“Of course, I don’t mean to say that training camps are not necessary. They are even more so today than they were when I was in the game, although there isn’t nearly as much boozing among the players now as there was then,” continued the evangelist…

Billy Sunday sounds like a one-man party. (Yes, I’m very familiar with his post-baseball career in the ministry.)

Willie Horton Hears The Who (Dan Lee) Posted: February 23, 2015 at 08:17 AM | 31 comment(s)
  Beats: billy sunday, dugout, history, loafing

Friday, February 20, 2015

Primer Dugout (and link of the day) 2-20-2015

Pittsburgh Press, February 20, 1915:

One writer suggests that the Cleveland Americans be called the Submarines, because they are always on the bottom. The only objection is that the Cincinnati Reds might dispute this title.

...and elsewhere on the same page:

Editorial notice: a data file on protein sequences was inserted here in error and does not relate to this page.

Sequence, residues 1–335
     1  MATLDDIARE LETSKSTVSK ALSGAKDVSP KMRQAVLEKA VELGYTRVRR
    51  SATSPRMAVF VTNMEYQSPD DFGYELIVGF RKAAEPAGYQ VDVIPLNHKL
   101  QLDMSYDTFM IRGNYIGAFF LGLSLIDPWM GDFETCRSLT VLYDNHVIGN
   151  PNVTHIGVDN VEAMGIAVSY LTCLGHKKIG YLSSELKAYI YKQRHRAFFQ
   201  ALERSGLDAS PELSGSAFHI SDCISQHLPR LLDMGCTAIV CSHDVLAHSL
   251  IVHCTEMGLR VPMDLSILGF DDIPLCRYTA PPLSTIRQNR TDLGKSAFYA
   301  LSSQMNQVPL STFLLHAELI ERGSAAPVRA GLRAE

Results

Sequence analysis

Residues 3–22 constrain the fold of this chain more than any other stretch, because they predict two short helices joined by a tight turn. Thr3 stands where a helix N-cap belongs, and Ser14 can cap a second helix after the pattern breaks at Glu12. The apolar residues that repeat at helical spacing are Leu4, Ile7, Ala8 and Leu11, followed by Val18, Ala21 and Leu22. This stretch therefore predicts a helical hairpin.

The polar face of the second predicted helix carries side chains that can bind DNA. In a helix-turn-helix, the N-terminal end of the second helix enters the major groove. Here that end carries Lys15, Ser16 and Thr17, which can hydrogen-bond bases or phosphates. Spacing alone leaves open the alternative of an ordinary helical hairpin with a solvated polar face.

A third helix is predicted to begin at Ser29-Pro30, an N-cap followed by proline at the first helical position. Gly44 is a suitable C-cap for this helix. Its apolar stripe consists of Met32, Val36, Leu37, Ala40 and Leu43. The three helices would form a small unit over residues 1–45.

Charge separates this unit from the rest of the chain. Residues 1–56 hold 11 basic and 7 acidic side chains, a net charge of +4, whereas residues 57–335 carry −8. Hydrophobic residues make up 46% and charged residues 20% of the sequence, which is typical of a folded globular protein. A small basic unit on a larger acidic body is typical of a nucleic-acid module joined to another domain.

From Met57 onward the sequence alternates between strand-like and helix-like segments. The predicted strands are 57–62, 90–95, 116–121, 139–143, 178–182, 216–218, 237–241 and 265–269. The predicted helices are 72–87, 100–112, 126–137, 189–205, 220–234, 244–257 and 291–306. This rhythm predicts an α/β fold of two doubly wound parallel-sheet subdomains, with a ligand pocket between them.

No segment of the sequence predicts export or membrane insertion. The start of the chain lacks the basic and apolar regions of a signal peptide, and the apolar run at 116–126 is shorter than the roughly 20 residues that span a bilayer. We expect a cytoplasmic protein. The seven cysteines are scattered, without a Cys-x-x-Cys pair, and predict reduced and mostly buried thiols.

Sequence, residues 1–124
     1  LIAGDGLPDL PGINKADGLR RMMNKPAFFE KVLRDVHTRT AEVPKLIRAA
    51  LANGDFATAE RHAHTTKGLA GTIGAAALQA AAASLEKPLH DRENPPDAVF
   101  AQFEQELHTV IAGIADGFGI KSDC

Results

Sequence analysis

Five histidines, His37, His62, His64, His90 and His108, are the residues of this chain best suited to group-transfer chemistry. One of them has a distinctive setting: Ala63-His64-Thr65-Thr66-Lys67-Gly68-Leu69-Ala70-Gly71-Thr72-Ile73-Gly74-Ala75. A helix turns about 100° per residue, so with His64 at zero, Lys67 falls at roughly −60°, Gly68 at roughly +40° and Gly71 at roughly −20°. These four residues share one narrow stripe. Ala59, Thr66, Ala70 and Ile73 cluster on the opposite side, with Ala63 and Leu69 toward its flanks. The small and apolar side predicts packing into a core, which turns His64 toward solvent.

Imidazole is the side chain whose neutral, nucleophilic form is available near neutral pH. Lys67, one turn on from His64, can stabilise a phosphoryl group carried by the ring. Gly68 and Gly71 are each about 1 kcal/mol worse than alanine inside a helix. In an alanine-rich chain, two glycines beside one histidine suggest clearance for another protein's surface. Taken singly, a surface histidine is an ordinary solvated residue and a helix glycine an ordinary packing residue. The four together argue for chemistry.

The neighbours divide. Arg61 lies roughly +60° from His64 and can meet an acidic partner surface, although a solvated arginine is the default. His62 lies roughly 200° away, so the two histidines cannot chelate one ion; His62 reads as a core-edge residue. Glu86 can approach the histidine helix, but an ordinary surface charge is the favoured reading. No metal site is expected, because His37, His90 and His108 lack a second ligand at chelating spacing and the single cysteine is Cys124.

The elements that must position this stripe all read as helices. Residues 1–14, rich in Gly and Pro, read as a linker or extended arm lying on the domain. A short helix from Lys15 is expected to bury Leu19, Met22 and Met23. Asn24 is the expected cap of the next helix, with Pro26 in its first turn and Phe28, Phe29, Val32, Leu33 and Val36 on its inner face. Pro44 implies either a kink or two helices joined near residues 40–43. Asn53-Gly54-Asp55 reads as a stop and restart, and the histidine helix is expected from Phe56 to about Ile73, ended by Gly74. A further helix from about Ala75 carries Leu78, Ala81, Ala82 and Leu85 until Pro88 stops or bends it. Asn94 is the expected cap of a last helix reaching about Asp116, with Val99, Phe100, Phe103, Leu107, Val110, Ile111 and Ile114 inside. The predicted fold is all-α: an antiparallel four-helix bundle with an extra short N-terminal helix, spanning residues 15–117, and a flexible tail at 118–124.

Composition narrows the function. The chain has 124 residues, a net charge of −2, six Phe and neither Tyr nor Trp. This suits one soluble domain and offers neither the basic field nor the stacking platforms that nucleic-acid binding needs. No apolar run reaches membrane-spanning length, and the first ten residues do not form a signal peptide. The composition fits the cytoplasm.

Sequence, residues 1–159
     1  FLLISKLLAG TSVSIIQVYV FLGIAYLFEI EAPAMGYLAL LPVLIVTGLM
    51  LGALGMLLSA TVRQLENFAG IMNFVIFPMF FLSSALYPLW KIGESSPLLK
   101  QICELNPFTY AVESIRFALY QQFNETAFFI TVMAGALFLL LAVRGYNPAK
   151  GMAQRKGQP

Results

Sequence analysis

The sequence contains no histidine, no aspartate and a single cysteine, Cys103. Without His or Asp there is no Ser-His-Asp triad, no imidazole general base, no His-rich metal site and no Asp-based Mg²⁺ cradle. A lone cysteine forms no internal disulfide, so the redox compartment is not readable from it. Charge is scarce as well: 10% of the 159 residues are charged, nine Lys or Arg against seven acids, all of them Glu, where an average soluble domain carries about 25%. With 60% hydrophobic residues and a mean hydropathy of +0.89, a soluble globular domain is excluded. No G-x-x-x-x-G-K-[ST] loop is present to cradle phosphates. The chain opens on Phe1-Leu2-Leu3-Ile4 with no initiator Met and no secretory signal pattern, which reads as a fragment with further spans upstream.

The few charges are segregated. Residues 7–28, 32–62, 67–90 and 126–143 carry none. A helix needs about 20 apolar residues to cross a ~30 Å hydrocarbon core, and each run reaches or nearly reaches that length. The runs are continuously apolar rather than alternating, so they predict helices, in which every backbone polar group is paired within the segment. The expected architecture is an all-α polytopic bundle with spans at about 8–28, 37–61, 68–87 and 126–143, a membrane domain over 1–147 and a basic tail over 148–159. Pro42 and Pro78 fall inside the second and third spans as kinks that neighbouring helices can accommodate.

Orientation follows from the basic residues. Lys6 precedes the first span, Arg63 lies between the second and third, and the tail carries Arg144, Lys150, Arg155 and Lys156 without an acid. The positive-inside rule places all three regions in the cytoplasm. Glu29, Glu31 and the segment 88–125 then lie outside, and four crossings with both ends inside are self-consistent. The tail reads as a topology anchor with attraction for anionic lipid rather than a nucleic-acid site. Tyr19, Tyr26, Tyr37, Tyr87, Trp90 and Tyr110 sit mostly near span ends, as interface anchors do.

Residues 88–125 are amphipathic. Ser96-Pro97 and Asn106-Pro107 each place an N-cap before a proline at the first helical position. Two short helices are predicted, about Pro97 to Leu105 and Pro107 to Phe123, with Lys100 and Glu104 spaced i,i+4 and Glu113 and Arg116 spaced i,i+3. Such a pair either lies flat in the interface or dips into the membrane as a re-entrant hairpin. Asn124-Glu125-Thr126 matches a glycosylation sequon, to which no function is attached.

After being with a second-division team for several years Lajoie has got renewed ambition. He has got something worth while to work for in 1915.
...
“I can hardly wait for the time to go south,” said Lajoie. “It has been several years since I was so eager to get into a baseball uniform as I am now. I want to show that I’ve got a lot of good ball playing yet left in me, and I think the ‘old boy’ will be back there in the .300 class next season.”

The joke was on Nap. The 1915 Athletics lost 109 games, which was the third-worst record in MLB from 1900-1915. The 1916 Athletics were the worst team of baseball’s modern area. They went 36-117 (.235) and finished 54.5 games out of first place. 41-year-old Nap hit .246 with no OBP or SLG to speak of, then retired.